At the Trust Center, everything we do is based upon the needs of our children and their families, developmentally, socially and spiritually. The Massachusetts Guidelines for Preschool Experiences influence planning in every part of our days at school from social emotional to health and safety to language arts to math to physical development. Throughout the day, we ensure that children have the opportunity to plan, play, reflect, revisit and connect which are the fundamental goals of the state’s guidelines. Here’s a peek at the teaching of routines and counting in our Parparim classroom (older threes and younger fours):
How We Discuss and Identify Daily Routines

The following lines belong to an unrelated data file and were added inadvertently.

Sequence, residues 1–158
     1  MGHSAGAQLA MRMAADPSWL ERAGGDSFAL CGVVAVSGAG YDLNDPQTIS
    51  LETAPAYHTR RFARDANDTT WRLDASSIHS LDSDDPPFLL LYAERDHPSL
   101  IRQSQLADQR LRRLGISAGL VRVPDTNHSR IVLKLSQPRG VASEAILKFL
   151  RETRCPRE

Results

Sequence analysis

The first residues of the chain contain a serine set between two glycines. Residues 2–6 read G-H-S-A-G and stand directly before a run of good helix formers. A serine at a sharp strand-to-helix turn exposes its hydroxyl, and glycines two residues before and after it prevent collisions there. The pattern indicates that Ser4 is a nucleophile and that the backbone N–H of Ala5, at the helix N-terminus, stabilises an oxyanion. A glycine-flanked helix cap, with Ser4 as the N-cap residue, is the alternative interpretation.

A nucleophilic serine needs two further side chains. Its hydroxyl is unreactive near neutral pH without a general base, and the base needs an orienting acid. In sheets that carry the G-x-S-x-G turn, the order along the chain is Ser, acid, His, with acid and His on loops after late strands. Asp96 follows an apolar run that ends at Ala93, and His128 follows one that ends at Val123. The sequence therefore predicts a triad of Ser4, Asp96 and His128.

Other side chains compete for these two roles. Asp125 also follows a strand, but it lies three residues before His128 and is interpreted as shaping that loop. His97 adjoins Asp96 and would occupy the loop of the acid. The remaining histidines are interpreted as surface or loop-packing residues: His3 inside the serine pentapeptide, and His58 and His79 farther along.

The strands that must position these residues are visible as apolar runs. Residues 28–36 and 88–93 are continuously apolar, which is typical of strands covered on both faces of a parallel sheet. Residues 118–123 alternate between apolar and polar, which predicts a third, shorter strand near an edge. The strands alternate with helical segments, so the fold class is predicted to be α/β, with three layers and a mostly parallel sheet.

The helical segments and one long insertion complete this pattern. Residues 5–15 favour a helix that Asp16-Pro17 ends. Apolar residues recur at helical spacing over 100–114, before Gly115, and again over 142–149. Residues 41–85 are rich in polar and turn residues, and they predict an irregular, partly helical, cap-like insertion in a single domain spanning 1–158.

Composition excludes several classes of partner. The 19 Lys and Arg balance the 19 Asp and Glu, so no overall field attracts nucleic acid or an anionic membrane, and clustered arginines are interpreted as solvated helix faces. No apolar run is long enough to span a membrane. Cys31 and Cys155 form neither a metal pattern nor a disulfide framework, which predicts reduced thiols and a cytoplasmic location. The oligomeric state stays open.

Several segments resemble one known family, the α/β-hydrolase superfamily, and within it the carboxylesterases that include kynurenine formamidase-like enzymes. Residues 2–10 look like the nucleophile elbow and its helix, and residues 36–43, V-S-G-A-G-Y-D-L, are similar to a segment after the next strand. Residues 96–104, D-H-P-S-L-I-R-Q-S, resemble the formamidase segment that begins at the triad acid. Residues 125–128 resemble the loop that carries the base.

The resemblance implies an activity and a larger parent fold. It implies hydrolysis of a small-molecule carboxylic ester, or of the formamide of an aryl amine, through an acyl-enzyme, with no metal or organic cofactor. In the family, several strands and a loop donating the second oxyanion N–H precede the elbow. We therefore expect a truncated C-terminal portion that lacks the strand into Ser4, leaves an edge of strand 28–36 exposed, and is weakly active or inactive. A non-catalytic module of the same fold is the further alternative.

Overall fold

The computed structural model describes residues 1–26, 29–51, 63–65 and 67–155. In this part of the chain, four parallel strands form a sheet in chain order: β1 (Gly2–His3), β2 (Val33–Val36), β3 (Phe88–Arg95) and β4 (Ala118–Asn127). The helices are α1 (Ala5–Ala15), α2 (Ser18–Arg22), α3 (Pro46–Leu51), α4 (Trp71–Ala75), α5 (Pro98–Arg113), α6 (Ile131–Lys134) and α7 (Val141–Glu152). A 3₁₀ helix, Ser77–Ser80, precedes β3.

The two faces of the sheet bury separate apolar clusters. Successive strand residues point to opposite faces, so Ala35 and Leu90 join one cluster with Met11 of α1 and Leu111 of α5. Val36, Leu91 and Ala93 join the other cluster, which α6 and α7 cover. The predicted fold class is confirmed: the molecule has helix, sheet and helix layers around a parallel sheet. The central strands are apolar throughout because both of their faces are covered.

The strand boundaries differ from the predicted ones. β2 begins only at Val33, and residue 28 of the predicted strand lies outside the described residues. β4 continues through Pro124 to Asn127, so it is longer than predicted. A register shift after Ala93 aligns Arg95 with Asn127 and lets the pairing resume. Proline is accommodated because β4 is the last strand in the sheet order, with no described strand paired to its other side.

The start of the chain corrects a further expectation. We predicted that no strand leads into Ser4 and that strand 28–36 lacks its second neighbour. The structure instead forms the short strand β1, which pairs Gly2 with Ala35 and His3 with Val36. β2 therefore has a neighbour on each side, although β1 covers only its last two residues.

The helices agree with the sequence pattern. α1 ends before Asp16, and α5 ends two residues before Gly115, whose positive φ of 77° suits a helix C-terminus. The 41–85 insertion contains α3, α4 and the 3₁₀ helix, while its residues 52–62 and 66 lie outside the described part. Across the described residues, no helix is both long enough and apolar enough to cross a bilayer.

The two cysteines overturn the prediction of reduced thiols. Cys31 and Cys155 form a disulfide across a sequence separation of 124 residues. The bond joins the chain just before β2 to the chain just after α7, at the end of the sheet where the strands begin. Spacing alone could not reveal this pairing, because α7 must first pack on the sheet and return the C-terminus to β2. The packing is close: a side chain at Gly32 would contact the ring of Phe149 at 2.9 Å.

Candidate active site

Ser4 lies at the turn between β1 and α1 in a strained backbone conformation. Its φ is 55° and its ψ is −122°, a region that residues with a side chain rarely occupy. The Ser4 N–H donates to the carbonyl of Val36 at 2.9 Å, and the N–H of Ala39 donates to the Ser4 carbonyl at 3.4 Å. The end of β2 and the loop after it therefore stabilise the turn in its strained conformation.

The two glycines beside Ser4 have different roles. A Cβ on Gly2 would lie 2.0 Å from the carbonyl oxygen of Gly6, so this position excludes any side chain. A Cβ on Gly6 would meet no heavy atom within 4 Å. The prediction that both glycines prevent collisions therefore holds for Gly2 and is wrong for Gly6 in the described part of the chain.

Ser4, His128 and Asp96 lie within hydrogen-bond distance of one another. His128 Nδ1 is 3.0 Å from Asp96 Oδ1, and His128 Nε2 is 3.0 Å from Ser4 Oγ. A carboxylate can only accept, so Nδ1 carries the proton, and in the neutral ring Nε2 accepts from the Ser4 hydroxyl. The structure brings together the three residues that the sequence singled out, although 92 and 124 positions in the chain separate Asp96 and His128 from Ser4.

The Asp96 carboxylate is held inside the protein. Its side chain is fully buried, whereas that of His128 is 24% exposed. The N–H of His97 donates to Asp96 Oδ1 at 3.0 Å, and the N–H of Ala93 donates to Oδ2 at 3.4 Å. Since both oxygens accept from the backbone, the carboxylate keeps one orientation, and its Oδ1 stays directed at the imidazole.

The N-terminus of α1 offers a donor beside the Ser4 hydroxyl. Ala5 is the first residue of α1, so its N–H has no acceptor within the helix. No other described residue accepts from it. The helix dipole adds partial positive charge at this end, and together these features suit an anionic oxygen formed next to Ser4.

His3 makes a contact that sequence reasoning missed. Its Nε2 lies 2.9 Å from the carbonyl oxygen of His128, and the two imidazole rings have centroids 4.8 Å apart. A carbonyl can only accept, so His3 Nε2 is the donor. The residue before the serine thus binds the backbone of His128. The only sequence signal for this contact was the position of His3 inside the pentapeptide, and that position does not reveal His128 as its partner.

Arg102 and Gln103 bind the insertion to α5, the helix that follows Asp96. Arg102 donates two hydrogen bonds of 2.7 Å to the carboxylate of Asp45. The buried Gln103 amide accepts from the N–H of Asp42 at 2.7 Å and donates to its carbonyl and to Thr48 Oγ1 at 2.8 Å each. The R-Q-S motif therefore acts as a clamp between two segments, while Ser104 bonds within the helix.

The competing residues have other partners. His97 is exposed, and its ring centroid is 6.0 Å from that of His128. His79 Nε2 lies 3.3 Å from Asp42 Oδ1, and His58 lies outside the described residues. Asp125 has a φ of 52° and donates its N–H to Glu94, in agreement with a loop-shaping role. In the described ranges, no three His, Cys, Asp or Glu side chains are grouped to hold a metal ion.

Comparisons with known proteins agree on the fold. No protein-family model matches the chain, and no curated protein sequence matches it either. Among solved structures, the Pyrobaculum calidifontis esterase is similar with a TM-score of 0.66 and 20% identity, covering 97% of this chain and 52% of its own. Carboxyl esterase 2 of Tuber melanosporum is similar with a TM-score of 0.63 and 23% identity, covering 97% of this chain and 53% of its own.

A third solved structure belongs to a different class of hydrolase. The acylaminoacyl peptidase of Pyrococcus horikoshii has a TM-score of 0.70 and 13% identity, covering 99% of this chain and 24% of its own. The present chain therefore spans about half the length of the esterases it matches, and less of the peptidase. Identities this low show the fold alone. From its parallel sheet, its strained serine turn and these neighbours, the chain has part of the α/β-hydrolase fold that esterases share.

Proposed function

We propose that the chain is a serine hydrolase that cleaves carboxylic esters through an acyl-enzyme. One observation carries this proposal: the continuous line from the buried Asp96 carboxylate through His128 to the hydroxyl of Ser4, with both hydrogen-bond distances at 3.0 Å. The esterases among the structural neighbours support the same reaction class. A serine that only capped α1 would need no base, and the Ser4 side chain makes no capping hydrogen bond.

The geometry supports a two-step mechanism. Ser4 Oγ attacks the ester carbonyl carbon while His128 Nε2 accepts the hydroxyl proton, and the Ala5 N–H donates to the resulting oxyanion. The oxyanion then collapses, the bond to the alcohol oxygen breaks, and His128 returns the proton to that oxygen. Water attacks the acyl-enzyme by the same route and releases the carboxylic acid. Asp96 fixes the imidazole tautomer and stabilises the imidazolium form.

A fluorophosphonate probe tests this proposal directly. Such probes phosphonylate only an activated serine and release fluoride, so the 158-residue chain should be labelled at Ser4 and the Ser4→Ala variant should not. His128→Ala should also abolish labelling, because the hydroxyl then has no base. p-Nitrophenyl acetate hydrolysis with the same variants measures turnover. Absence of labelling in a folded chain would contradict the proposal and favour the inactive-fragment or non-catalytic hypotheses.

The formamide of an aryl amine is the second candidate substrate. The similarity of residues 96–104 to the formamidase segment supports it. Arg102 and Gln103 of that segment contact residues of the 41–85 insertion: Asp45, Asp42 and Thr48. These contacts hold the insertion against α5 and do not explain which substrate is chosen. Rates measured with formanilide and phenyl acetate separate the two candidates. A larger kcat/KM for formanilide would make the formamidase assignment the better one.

by Debbie, Jill and DanielHow do children learn to follow daily classroom routines? The best approach is for teachers to develop predictable routines that are part of circle time. In our classroom, we began using these routines on the first day of school. The daily schedule of activities, class counter, and counting the days of the school year are part of the first circle or morning meeting each day in our classroom. The children have a “map” that tells them what will happen each day, so they are able to follow the consistent routines. Our daily schedule has a long Velcro line with cards with pictures and words attached. The pictures are easily identified by the children. During the morning meeting activity, the “Daily Reporter” uses a pointer to tell the children the schedule of the day. The “Class Counter” uses a pointer to count each child by touching their shoe, and then announces the magic number (the number of children in our class) for that day. Counting the days of the school year is done by following a color and shape pattern. The colors are arranged by primary (red, blue, and yellow) and secondary ( orange, purple and green). The shapes are circle, square, triangle, oval, rectangle and diamond. A new number is added on the wall each day.